Friday, December 7, 2018

Logistics Bosses Back Brexit Withdrawal Agreement to Ensure Supply Chain Freight Flows Unhindered

Bosses from Road Haulage to Food Storage Agree Deal - With Some Reservations
Shipping News Feature
UK – Downing Street somewhat resembled the M25 in the past week or so as a steady stream of visitors were summoned to meetings to hear the government's take on why the Brexit deal on the table is a good option for Britain. Callers included the great and the good from a range of industries, financial services, advanced manufacturing, food and drink and retail, alongside business lobby organisations and trade associations, and the freight, logistics and road haulage sectors were there to represent the entire international supply chain.

The meetings saw numerous government figures overseeing the discussions including the Secretaries of State for Transport, Business, and Exiting the EU, as well as the Prime Minister herself, who doubtless reiterated the statement of 25 November ‘40 reasons to back the Brexit deal’. The government has also released a series of videos to tell everyone why they believe this is a good arrangement.

Amongst the hundreds of companies in attendance with services and manufacturing interests who questioned the government spokespersons, Shell, BT, the NFU, fund managers Blackrock, London First et al, was the Food Storage and Distribution Federation (FSDF) whose Chief Executive, Shane Brennan, who issued a statement prior to a roundtable discussion hosted by Chris Grayling MP, saying:

“This meeting is part of our ongoing commitment to play a constructive role in supporting the government in its planning for all outcomes of the ongoing Brexit negotiations. Food storage and distribution businesses are focused on working with their customers to find solutions to whatever disruption that may result from a breakdown in agreement on a suitable transition to a new trading relationship between the UK and the EU.

“We support the Withdrawal Agreement, because it provides the necessary certainty for businesses seeking to manage an effective food supply chain. Any other scenario, from a no deal Brexit to a further protracted period of uncertainty will add regrettable costs and disruption. We urge MPs to reach an agreement as soon as possible.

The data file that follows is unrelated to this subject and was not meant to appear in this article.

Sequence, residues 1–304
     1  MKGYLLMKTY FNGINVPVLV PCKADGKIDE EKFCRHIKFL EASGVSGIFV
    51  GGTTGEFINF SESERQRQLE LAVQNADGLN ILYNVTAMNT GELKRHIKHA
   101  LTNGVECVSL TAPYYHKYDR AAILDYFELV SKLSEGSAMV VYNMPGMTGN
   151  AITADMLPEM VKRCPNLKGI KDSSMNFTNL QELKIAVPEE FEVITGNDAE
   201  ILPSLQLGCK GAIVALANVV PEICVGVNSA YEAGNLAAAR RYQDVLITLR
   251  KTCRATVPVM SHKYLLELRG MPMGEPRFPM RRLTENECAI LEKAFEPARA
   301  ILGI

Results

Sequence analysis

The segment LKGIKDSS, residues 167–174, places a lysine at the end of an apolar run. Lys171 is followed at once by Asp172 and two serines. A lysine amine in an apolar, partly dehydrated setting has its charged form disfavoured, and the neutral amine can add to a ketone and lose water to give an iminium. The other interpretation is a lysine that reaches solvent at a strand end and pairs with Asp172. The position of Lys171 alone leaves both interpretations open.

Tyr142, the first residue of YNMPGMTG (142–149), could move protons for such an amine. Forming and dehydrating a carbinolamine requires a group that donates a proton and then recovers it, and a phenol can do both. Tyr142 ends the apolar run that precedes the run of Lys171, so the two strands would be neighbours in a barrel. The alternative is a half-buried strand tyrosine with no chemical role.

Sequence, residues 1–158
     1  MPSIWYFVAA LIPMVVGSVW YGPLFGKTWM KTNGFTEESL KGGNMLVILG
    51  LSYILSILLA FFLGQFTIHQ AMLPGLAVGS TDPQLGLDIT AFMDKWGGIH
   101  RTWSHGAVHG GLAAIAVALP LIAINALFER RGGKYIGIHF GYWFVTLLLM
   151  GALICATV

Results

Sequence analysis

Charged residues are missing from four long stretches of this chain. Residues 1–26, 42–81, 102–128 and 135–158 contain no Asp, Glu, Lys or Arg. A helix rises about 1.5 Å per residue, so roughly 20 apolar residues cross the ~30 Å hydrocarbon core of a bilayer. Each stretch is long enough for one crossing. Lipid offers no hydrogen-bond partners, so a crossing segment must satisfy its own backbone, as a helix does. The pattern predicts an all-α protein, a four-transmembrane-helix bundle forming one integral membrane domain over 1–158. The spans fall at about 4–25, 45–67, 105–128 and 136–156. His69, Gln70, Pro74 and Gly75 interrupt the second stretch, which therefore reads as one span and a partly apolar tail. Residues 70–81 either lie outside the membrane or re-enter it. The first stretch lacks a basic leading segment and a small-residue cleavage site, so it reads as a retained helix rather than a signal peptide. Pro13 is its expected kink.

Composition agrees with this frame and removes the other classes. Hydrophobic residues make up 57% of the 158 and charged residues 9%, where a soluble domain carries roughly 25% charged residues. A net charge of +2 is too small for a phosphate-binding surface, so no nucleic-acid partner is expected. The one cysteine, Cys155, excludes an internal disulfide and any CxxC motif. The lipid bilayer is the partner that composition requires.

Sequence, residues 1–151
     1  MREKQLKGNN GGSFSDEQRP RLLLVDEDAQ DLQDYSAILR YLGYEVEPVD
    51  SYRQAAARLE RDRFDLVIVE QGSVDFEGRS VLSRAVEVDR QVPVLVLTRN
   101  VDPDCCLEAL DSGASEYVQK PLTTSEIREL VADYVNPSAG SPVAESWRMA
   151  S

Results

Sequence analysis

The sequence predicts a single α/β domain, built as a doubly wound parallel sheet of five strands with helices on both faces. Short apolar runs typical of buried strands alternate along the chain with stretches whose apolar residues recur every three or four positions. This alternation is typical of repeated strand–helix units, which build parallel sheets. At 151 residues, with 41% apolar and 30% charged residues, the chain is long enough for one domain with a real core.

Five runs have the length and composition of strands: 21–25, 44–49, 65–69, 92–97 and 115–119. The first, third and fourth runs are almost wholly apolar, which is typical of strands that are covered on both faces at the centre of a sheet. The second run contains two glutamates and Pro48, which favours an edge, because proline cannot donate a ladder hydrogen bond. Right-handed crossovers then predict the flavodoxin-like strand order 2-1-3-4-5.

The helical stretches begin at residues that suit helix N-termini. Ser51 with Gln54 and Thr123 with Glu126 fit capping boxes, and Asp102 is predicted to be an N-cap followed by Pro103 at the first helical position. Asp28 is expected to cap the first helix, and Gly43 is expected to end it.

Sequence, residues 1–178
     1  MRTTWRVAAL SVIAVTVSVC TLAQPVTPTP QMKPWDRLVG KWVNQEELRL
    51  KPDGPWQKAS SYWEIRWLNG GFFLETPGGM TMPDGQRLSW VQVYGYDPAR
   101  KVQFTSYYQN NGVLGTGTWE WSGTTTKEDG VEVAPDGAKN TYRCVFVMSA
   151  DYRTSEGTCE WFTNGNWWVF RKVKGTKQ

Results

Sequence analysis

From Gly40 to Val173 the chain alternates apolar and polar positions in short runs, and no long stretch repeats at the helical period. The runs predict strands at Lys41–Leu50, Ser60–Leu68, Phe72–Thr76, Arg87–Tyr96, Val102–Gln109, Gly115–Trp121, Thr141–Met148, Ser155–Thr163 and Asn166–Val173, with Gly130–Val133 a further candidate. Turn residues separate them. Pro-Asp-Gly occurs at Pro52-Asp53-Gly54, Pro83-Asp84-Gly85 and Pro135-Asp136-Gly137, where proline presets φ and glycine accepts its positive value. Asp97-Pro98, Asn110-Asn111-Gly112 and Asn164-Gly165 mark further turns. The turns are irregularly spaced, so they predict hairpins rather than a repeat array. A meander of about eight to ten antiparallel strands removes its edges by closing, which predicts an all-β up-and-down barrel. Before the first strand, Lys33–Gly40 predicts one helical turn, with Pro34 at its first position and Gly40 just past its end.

“We are also clear in our message to the Government about the severe impacts of the labour shortages that are already present across our distribution and warehouse operations. These will only be exacerbated by poorly thought through post-Brexit immigration policy. We want to see continued access to non-UK labour for key roles in our supply chain and no artificial or arbitrary barriers that make it harder to run our businesses.”

The meeting with Mr Grayling, just yesterday, was attended by Road Haulage Association (RHA) Chief Executive Richard Burnett, who understands better than most the perils of any unsatisfactory arrangement which might impede the flow of goods. Whilst realising that the withdrawal agreement leaves many issues unresolved, and is still subject to further negotiation with the EU regarding a reciprocal long term arrangement, the RHA boss believes the extra time the implementation period gives is vital for new processes and systems to be put in place along the supply chain.

With the haulage industry struggling to fill driver and other vacancies and many current EU workers choosing to leave, Mr Burnett called on ministers to make changes to immigration rules after Brexit to accommodate this, and further says the transitional period also gives time for advances in border control technology which might prove the solution in avoiding disastrous queues at ports and a hard border between Northern Ireland and the Irish Republic. He observed:

“The current withdrawal agreement is a solution for the UK’s all-important haulage industry which will keep the supply chain moving. A rejection of the withdrawal agreement, without an alternative transitional period, means that the industry responsible for moving the UK economy, will stagger towards a cliff-edge disaster. A deal will avoid reliance on an acute shortage of permits and measures for customs that are unworkable and impractical.

”We continue to argue with Government for future immigration rules that do not to exclude lorry drivers from the definition of skilled workers, so the bar is not set too high and excludes these vital, skilled and trained workers from jobs in the UK. It is essential that lower-paid skilled workers are still allowed to fill vacancies where there is a need for qualified staff in the UK.

"The RHA has never taken a political view on Brexit, but the RHA’s Board of Directors feel parliamentary approval for a deal that includes a transition period is essential to avoid crippling the supply chain. The RHA believes any outcome delivered by Parliament that fails to deliver this is irresponsible.”

Photo: The Rt. Hon. Chris Grayling MP, Secretary of State for Transport arriving at Downing Street.